WASHINGTON (February 26, 2003) -- Echoing Pope John Paul II's words that war with Iraq is "not inevitable," the President of the U.S. Conference of Catholic Bishops today said "serious ethical questions and concerns" about a possible war remain unresolved since they were initially raised last autumn.
At the same time, Bishop Wilton D. Gregory of Belleville (IL) called on Catholics to pray and fast, especially on Ash Wednesday, "that our nation and world will find effective ways short of war to secure justice, increase security, and promote genuine peace for all God's people."
Bishop Gregory said that based on information currently available to the public, and lacking clear evidence of an imminent attack against the United States or evidence of Iraqi complicity in the September 11 attacks, resort to war "would not meet the strict conditions in Catholic teaching for the use of military force."
"To permit preemptive or preventive uses of military force to overthrow threatening or hostile regimes would create deeply troubling moral and legal precedents," said Bishop Gregory.
He joined the Pope's call for Iraq to take "concrete steps" to comply with the "legitimate demands" of the international community.
"Iraq must act immediately and effectively to meet these demands both to avoid armed conflict and to prove that it intends to change its ways," said Bishop Gregory.
The USCCB has formally raised its concerns about a possible war with Iraq on at least two occasions since September.
On September 13, Bishop Gregory sent a letter to President Bush in which he said the unilateral, preemptive use of force at that time would be "difficult to justify." Two months later, the full membership of the USCCB adopted a statement urging world leaders to "step back from the brink of war."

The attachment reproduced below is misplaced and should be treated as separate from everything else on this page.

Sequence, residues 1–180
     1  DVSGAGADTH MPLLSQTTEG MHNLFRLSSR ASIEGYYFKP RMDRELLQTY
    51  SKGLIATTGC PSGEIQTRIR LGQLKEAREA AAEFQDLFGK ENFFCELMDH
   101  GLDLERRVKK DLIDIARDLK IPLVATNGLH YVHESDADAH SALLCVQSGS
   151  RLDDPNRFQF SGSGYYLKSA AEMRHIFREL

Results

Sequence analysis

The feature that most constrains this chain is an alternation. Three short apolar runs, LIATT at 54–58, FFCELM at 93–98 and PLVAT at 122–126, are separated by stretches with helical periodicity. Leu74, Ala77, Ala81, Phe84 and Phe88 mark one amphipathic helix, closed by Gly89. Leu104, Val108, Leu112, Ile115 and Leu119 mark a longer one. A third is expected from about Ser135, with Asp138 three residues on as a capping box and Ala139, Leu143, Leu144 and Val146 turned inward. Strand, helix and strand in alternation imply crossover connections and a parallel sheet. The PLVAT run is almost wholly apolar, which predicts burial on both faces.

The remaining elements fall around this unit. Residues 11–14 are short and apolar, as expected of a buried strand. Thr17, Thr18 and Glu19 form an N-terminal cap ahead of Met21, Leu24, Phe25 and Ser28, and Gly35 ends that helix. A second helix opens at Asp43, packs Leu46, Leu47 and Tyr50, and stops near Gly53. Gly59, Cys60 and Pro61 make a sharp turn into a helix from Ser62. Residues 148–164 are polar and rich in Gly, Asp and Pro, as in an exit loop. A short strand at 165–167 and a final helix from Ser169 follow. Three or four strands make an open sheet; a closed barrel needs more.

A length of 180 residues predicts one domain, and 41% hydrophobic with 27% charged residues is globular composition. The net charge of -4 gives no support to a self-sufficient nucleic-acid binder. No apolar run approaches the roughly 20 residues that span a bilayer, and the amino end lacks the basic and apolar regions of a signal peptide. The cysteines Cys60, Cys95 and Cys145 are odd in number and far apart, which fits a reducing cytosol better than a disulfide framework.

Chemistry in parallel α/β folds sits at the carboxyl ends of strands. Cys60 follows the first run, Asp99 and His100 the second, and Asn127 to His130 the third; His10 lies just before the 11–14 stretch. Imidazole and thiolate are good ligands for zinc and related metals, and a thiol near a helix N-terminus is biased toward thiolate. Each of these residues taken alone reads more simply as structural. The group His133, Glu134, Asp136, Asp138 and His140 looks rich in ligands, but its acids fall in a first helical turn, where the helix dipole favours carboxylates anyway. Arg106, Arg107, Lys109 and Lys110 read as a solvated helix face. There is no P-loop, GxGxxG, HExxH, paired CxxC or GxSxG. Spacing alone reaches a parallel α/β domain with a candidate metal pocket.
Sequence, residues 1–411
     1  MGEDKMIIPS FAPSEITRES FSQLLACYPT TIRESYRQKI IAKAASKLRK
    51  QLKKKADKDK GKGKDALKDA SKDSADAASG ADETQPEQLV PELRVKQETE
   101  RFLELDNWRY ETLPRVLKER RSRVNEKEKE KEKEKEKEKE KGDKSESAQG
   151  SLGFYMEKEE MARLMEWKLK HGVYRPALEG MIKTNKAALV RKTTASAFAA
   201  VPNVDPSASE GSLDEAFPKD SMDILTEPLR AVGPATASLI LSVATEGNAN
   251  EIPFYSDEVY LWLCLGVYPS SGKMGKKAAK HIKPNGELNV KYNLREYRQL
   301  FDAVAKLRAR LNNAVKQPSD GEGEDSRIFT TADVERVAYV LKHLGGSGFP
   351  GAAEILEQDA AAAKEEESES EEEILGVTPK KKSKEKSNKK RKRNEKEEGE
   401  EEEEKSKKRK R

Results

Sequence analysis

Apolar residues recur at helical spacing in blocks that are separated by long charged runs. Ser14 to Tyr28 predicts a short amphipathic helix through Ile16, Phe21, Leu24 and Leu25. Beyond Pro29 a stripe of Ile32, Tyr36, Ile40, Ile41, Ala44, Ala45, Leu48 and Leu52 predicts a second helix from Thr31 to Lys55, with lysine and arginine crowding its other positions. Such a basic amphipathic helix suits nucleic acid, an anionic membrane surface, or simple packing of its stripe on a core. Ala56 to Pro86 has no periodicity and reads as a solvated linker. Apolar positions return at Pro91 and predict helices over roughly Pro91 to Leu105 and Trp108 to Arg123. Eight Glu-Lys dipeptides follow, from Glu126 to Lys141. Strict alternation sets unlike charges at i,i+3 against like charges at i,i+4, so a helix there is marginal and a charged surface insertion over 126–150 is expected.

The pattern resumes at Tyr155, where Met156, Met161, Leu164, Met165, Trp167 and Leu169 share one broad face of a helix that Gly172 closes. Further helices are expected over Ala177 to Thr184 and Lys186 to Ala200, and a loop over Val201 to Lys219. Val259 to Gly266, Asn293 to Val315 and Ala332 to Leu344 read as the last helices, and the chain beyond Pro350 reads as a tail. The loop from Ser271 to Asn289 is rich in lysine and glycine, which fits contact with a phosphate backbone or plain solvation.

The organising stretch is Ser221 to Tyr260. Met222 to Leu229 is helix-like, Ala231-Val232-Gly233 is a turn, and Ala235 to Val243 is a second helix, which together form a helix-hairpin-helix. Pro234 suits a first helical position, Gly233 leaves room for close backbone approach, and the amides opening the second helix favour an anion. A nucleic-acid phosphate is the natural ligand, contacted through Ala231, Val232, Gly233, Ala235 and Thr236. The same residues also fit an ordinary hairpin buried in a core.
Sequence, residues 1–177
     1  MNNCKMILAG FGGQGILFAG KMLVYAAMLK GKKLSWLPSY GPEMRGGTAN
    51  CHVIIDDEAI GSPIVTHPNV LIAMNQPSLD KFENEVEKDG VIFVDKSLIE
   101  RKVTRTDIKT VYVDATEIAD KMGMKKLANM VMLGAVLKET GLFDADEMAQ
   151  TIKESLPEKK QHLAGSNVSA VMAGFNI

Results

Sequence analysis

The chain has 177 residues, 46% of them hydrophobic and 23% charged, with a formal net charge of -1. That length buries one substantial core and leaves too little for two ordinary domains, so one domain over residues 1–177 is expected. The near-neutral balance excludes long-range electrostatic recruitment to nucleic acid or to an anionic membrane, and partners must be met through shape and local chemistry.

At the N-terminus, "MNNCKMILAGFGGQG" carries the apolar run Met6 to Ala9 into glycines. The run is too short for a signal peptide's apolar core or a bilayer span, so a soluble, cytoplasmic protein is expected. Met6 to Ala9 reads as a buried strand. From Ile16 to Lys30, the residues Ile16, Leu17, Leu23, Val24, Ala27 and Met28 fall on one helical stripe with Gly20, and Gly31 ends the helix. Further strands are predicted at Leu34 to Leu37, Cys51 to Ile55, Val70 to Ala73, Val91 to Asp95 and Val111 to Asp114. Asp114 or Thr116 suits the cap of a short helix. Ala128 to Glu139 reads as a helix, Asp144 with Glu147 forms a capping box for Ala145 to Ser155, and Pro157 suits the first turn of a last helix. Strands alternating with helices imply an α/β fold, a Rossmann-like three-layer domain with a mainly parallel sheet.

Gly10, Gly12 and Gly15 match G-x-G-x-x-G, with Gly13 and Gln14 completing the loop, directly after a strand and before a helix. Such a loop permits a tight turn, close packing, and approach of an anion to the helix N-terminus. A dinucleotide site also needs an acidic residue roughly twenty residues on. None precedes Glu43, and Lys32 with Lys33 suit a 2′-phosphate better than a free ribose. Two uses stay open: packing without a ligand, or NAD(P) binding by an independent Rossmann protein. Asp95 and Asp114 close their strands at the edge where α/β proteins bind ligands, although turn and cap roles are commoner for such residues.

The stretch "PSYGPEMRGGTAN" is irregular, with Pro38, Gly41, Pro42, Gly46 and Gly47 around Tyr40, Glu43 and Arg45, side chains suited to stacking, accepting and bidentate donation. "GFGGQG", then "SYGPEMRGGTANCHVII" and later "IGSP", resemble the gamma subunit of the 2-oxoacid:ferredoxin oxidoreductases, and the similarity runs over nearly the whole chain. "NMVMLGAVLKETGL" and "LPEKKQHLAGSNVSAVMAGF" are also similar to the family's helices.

Should military force ultimately be used, Bishop Gregory said the United States must be prepared to act with restraint during a war and be committed long term to assist Iraq recover from the aftermath of war despite tight budget constraints.
"If the decision to use military force is taken, the moral and legal constraints on the conduct of war must be observed," Bishop Gregory said. "This is expected of every civilized nation. It surely is expected of ours. We are threatened by regimes and terrorists who ignore traditional norms governing the use of force; all the more reason that we must uphold and reinforce them through our own actions."
Pope John Paul II has called on Catholics worldwide to dedicate their fasting on Ash Wednesday, March 5, for the peaceful resolution of disputes. In addition, a number of U.S. dioceses have identified Sunday, March 2, as a special day of prayer and reflection. The USCCB has developed a variety of liturgical and educational resources to help dioceses and parishes with these efforts. These are available on the Web at www.usccb.org/sdwp/peace
Text of Bishop Gregory's Statement on Iraq.